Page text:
If they cannot wait, the infected person and his or her partners can use a condom. They may also use a sheet of latex to cover the vulva or anus during oral sex. This way, the mouth does not come into direct contact with the genitals. A sheet of latex can be made by unrolling a condom, cutting off both ends and then cutting it lengthwise.

Inform partners

People with syphilis should inform their sexual partners immediately. This way:

  • They can avoid getting syphilis again from untreated partners
  • Their partners can quickly get tested, receive appropriate treatment and avoid complications
  • Their partners can avoid spreading the infection to other people

Complications

If left untreated, syphilis can last many years. Even in someone with no symptoms, it can lead to significant damage: 

  • To the heart 
  • To the brain 
  • To the bones 
  • To the liver

A pregnant woman with syphilis is at risk of delivering prematurely or giving birth to a stillborn baby.

Infected new-borns can develop serious complications, such as:

  • Anemia
  • Liver, spleen and bone abnormalities
  • Delayed development

Syphilis also increases the risk of getting or spreading HIV.

Transmission

An infected person can spread syphilis even if he or she has no symptoms. The risk of spreading syphilis is much higher in the year following the onset of the infection.  

Sexual transmission can occur during:

  • Oral sex (contact of the mouth with the penis, vulva, vagina or anus)
  • Vaginal sex (penetration of the vagina with the penis)
  • Anal sex (penetration of the anus with the penis)
  • Genital contact between partners
  • Direct contact of the skin or mucous membrane with sores or rashes
  • Sharing of sex toys

Sexual transmission can occur in the absence of penetration, orgasm or ejaculation.

Syphilis can also be spread through blood-to-blood contact when sharing equipment used to prepare, inject or inhale drugs. However, this form of transmission is rarer than sexual transmission.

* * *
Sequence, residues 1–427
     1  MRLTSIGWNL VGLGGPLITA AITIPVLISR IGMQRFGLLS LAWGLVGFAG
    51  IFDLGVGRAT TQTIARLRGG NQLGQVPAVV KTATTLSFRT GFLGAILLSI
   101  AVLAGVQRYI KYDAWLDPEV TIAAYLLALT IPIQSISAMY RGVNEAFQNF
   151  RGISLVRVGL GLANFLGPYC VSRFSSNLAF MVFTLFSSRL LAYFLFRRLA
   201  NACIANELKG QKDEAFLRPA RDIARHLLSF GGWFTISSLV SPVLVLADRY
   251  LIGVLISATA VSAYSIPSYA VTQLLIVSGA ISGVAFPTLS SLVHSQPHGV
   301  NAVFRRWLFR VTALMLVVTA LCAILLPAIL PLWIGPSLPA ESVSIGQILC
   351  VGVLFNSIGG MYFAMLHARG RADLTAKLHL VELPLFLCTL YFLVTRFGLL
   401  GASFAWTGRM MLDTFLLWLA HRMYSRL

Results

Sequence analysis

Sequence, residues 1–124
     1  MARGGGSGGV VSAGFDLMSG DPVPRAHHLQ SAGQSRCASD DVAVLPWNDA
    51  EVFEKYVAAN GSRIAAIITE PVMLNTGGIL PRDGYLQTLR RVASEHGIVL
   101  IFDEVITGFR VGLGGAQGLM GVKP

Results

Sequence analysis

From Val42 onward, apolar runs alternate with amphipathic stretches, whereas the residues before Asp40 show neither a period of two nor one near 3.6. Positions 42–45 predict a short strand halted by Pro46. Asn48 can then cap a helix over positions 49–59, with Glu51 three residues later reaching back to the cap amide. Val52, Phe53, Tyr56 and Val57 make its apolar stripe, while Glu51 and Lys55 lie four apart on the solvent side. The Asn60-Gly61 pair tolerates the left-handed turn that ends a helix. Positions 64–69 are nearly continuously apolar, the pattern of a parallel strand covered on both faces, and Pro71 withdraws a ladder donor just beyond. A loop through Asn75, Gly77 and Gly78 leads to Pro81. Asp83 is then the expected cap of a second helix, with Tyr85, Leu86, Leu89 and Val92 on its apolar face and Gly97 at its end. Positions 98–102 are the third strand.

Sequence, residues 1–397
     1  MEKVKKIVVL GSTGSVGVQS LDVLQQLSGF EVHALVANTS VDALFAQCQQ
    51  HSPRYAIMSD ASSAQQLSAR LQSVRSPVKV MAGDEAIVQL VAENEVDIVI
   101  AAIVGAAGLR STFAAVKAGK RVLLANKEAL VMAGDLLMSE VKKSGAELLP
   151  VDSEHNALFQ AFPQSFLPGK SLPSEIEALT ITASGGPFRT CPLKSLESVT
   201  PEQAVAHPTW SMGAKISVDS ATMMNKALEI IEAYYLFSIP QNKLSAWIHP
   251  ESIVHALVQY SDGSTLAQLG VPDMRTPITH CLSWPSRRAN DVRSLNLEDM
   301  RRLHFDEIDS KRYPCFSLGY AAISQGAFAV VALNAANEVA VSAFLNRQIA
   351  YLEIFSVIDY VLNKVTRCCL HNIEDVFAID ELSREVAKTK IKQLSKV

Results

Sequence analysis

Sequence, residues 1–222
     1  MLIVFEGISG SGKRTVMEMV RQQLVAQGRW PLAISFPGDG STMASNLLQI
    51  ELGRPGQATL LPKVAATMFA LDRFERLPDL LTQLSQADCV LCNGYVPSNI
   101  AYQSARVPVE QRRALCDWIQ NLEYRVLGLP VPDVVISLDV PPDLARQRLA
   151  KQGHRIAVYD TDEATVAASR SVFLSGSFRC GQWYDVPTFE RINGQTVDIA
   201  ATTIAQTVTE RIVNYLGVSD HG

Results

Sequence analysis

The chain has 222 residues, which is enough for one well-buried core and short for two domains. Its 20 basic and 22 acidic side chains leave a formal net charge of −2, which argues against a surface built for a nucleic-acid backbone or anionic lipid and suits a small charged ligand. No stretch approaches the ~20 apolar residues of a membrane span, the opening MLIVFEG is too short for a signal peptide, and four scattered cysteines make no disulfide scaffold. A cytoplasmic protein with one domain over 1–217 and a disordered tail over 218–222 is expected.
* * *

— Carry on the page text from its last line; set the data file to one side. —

An infected mother can also pass on syphilis to her baby during pregnancy or childbirth. For further information, read the Sexually Transmitted and Blood-borne Infections (STBBIs) and Pregnancy page.

Protection and Prevention

Vaccination

There is no vaccine to protect against syphilis.

Sexual protection

For the best protection against syphilis, use a condom:

  • During all contact between genital organs
  • During the entire course of oral, vaginal or anal sex
  • With each sexual encounter

The use of a sheet of latex to cover the vulva or anus during oral sex lowers the risk of spreading syphilis. It helps prevent direct contact between the mouth and the genitals. A sheet of latex can be made by unrolling a condom, cutting off both ends and then cutting it lengthwise.

Sex toys should not be shared. People who share sex toys can lower the risk of spreading syphilis by covering them with a condom. They must change condoms after each partner.

Testing

A person who has had unprotected sex should consult a health-care professional to see if he or she needs to be tested. This way, a person with syphilis can avoid passing it on to other people and prevent complications. 

A blood test can detect if you have syphilis. 

To be tested, consult a health-care professional or call Info-Santé 811.

Last update: March 9, 2017 3:23 PM